It’s one of three scenarios the SHA released on Wednesday.
SHA CEO Scott Livingstone cautioned the scenarios they released are not predictions of the future.
“It’s data that acts as a planning tool to ensure that we’re preparing for the worst but aiming for the best,” Livingstone said.
“What we do know at this point is that our health system strategy for COVID-19 has already paid dividends.”
The SHA said in the low-range case scenario, 153,000 people in the province could be infected during the course of the COVID-19 pandemic.
A peak of 390 patients would be in hospital simultaneously, with 120 in intensive care, and 90 to 95 per cent requiring ventilation.
Livingstone said all three projections are based on current COVID-19 measures in the province, including testing, tracing and physical distancing.
“Our job as a health-care system is to provide care for those in need and to be ready for any scenario,” Livingstone said.
“While we understand Canadian data is starting to show some hopeful signs about flattening the curve on COVID-19, it is critical to remember not to be complacent.
“We need to continue to escalate our response to ensure we are prepared for the worst-case scenarios and we need the public to help us avoid those scenarios.”
Under the mid-range scenario, total cumulative deaths are forecast at 5,260, with 262,000 total cases.
At its peak, 1,265 people would be hospitalized simultaneously, with 380 of those in intensive care.
Total deaths under the high-range scenario are estimated at 8,370, with 4,265 patients in hospital simultaneously, 1,280 of those in intensive care.
Saskatchewan Premier Scott Moe called the high-range scenario “quite alarming.”
“I wake up each and every morning waiting for the new numbers to come in and just praying that there isn’t a death today,” Moe said.
“That’s what I do every morning.”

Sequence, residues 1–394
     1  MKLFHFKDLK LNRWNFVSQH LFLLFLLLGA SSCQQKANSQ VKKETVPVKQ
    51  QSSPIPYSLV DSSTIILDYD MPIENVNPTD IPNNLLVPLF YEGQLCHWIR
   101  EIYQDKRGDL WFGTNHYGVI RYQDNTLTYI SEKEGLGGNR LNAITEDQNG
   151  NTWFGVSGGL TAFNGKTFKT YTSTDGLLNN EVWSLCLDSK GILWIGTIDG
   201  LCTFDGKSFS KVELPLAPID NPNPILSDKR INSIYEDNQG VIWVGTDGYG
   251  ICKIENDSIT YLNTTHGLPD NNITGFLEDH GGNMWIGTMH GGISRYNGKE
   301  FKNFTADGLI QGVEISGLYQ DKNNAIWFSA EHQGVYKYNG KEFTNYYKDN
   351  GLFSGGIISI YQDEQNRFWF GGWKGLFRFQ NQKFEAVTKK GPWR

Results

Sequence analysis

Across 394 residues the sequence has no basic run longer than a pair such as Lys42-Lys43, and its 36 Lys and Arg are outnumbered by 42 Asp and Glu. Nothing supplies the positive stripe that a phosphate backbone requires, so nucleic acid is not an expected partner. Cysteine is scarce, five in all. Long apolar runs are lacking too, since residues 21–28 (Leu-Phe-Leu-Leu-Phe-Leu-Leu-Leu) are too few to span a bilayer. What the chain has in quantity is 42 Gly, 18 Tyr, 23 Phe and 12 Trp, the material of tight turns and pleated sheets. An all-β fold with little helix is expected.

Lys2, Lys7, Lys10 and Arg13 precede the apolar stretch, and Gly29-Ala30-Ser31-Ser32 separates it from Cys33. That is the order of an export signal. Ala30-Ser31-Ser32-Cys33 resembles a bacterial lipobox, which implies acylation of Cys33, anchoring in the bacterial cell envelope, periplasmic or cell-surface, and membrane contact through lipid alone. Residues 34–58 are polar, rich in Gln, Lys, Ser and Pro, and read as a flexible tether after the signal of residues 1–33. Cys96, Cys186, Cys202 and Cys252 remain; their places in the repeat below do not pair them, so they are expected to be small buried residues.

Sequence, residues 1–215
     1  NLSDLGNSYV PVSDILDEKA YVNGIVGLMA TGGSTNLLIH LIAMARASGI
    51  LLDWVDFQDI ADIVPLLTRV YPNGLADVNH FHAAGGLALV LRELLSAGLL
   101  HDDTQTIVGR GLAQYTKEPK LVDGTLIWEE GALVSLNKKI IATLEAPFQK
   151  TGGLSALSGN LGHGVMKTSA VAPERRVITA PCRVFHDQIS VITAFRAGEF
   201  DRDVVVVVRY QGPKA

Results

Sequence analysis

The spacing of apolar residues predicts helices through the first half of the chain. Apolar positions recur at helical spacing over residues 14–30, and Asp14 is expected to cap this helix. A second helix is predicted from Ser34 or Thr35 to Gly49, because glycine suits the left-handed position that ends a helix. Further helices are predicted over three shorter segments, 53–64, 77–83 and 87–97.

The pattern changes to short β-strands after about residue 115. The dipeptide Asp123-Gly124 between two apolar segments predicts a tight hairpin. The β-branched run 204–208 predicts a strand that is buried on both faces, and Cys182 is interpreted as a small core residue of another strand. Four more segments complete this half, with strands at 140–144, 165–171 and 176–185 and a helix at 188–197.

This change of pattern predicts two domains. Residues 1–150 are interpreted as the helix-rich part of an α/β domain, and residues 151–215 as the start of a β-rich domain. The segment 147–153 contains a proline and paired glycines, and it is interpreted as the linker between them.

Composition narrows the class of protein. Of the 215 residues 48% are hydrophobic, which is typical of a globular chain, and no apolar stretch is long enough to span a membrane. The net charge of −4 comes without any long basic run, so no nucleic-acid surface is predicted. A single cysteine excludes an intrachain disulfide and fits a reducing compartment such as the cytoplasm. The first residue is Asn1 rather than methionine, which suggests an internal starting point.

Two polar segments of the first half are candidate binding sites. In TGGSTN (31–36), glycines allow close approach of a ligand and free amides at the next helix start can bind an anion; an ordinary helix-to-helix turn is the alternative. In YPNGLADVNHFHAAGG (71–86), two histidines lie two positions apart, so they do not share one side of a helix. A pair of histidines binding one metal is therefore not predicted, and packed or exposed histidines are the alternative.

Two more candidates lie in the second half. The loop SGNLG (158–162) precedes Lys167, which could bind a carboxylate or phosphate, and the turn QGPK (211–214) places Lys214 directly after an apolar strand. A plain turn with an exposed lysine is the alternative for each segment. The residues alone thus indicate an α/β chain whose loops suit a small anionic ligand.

Moe said seeing the models strengthens his resolve to continue dealing with COVID-19 the way the province has so far to date, but additional measures may be put in place if warranted.
He said local measures could be put in place if there is an outbreak in a community that extends to more vulnerable populations in places such as long-term care homes and assisted-living facilities.
“The health authority needs to be ready to address that wherever it may occur in the province,” Moe said.
“That’s not to say (additional measures) may or may not occur province-wide but it most certainly is quite possible to occur in regional areas of the province.”
“We need to be prepared province-wide for the modelling that is here and the resources will be provided to the health authority to ensure that they do just that.”
As of Wednesday, there have been 271 confirmed cases in the province, with three COVID-19-related deaths.
Dr. Saqib Shahab, the province’s chief medical health officer, said the high-range scenario could have been a reality if no action had been taken.
“If we had just continued business as usual, right now we could have really been in the upslope of a really bad situation where the health system is not prepared,” Shahab said.
“The modelling gives us three projections: scenario one which is quite significant, scenario two which is kind of mid-range, scenario three which is quite positive.
“We want to be better than scenario three.”
Dr. Susan Shaw, the SHA’s chief medical officer, said it is currently unknown which scenario the province is tracking toward.
“We hope we are in that lower prediction, lower planning tool scenario, but it’s actually much too early to know,” Shaw said.
“While we hope we are tracking on the low scenario, there are signals around the world, and including in Canada, that we have to be paying a lot of attention.
“So, too soon to know, but we do remain hopeful while still also planning for all what-if scenarios.”
Livingstone said there is no projection on when the province will see a peak in coronavirus cases or how long current measures will remain in place.